Product: ATI HD 4870 X2 QuadCF
Company: AMD
Authour: Alex 'AlexV' Voicu
Editor: Charles 'Lupine' Oliver
Date: December 24th, 2008
A Merry Introduction

December's usually a gift-loaded month, with red and white the two colors intrinsically tied with these ubiquitous gifts.  Already well into December, it becomes quite clear that we should be sending a red and white dressed gift your way - and so we shall!

Dave 'Wavey' Baumann holding his boomstick
Dave 'Wavey' Baumann holding his boomstick

A great gift must be both expected and surprising - not an easy mélange at all; luckily for us the right ingredients were within hand's reach! On one hand, the dual 4870X2 configuration that's going to sweat itself to death (hopefully not, they're cute cards) rendering pretty pictures is the expected part - after all we alluded to this review in the closing statements of the 4870X2 investigation quite a while ago. But wherever could a novelty be extracted from? After all, video card reviews are a rather typical affair ... or are they? Stick around and you'll see that even old dogs can be taught some new tricks.

Alongside the “meaty” portion outlined above, additional sprinklings of spices will be added in order to complete the intricate dish - namely, we'll be looking at the 8.12 Catalyst drivers, which are a milestone build, of sorts, with the obligatory GPU accelerated transcoding of the ... ”educational” movie collection included.

Now, be forewarned that this will be one of those articles that few but the author likes, because it will be long and will include rather detailed explanations that are seldom interesting to the vast majority ... we've tried to balance this flaw with liberal use of rather pretty graphs, but it remains to be seen if they'll prove sufficient.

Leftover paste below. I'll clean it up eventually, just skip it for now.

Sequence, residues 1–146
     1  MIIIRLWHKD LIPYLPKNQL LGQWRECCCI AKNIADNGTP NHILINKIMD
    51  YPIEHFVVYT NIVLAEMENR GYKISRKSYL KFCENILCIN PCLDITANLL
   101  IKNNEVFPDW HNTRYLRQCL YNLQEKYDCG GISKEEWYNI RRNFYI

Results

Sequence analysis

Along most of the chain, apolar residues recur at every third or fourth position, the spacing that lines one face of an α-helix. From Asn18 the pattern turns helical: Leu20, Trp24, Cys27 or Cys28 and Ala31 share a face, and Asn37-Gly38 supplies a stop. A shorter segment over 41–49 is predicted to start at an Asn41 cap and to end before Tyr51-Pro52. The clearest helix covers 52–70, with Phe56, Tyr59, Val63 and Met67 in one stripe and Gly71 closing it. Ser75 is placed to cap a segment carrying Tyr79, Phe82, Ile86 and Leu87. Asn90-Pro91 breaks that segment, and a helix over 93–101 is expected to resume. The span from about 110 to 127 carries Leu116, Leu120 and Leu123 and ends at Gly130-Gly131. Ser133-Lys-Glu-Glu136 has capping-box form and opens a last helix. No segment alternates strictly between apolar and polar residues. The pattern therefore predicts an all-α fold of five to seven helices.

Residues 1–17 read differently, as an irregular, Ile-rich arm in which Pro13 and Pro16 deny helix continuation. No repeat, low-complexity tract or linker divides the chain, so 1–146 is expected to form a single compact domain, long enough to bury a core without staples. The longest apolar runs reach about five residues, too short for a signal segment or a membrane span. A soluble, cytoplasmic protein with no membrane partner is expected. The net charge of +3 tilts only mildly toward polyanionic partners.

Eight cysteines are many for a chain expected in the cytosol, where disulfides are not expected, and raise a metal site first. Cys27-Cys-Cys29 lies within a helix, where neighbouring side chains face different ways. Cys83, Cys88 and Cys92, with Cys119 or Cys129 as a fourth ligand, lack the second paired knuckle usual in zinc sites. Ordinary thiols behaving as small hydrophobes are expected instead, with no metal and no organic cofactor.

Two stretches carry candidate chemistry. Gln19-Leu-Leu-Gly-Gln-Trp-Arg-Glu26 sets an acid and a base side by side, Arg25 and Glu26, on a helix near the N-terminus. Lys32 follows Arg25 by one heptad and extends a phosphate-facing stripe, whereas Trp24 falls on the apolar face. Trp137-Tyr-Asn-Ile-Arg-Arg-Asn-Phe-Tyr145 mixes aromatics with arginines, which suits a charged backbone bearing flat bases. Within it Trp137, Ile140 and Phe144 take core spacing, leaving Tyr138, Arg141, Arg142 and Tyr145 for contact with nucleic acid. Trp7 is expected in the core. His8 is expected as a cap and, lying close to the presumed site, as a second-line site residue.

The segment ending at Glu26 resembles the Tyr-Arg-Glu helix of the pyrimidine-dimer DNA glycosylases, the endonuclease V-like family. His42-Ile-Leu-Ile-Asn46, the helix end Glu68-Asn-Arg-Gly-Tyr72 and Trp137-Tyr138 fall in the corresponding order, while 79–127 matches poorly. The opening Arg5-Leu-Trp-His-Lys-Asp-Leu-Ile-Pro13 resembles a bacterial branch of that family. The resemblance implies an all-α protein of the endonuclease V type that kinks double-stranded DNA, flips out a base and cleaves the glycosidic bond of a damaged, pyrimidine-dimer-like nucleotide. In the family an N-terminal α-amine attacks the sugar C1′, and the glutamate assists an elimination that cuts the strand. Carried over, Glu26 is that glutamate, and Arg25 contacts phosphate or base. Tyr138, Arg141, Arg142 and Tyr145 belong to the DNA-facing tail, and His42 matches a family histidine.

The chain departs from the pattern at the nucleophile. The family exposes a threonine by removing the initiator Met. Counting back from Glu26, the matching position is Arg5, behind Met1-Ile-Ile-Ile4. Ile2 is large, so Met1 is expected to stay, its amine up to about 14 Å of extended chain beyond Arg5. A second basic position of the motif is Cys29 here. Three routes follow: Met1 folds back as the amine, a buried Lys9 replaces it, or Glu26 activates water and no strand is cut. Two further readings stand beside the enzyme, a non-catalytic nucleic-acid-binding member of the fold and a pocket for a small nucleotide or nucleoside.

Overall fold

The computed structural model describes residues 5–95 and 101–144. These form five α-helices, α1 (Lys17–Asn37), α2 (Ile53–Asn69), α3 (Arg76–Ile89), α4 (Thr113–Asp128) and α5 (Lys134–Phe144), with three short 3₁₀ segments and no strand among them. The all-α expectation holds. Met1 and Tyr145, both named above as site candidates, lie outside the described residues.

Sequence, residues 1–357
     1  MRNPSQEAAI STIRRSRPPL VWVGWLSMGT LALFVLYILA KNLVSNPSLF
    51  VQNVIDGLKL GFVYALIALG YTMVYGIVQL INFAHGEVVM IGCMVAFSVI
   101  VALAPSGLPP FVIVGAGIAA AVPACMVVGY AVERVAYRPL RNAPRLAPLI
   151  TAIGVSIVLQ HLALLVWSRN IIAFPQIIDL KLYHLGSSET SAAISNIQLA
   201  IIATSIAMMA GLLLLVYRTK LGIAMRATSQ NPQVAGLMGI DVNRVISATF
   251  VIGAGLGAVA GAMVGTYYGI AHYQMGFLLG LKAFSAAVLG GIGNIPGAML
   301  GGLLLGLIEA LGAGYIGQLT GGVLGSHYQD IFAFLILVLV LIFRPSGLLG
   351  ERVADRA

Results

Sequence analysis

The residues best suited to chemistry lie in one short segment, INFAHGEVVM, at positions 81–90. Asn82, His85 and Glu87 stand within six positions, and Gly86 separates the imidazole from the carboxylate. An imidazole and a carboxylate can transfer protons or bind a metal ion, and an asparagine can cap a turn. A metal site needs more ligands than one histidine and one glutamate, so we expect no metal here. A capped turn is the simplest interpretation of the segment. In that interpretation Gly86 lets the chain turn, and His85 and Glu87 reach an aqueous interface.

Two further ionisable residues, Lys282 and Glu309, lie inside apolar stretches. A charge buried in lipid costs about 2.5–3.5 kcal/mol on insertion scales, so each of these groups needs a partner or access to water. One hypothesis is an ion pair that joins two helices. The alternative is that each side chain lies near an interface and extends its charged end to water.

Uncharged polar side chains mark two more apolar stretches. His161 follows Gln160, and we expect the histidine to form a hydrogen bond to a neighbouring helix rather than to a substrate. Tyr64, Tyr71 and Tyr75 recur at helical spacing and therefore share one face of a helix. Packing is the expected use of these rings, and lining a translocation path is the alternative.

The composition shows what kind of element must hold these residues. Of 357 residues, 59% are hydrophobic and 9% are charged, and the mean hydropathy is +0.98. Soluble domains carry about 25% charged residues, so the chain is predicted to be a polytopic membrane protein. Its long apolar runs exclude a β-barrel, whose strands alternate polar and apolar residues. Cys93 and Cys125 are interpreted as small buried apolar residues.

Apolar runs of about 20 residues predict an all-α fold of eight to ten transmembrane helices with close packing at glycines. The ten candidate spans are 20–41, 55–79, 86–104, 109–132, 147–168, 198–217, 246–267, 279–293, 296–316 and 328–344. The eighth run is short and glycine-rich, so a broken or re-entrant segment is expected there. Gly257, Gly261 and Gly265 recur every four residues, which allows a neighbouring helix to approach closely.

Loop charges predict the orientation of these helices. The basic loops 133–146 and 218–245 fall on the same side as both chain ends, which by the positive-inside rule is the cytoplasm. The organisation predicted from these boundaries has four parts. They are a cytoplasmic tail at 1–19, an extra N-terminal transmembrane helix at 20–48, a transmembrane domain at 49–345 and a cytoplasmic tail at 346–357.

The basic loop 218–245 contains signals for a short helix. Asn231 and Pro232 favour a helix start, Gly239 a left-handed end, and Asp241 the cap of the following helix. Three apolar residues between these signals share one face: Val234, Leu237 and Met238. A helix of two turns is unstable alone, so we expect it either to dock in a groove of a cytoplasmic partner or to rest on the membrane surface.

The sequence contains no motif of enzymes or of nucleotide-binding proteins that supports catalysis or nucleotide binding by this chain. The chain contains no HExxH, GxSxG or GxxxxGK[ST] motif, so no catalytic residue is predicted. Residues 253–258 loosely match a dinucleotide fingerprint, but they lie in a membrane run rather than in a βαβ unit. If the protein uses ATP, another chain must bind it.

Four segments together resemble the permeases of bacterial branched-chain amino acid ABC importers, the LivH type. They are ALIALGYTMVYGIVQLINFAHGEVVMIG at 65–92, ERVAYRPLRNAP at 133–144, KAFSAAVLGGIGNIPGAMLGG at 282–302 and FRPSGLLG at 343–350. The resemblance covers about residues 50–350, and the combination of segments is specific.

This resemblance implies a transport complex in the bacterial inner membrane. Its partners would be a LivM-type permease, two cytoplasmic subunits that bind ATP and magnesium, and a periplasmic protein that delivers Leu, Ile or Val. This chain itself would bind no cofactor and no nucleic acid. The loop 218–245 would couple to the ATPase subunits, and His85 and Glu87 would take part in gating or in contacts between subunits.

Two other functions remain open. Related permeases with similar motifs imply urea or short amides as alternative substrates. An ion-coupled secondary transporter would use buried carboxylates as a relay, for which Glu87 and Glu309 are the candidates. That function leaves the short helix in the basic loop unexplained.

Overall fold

Finding the right mix ...

Is damn hard, and not only when it comes to coffee or music! Even reviews are hard to get right, and we've yet to manage one that is actually as it should be. Delving into the hardware itself at this point in time would be something less than wise; after all, little has changed on that front since the 4870X2 reviews have hit the Interwebs and all details should be well known by now. Quad-Crossfire itself is a fairly old acquaintance, which means its ins and outs won't surprise many self respecting enthusiasts. The testing methods are also typical and commonly employed ... oh, wait, they're not! Actually, they're quite different from what we've been doing, or have seen done, and hopefully they'll end up near the superior edge of the [suck, rock] continuum. So what's this nonsense all about you ask?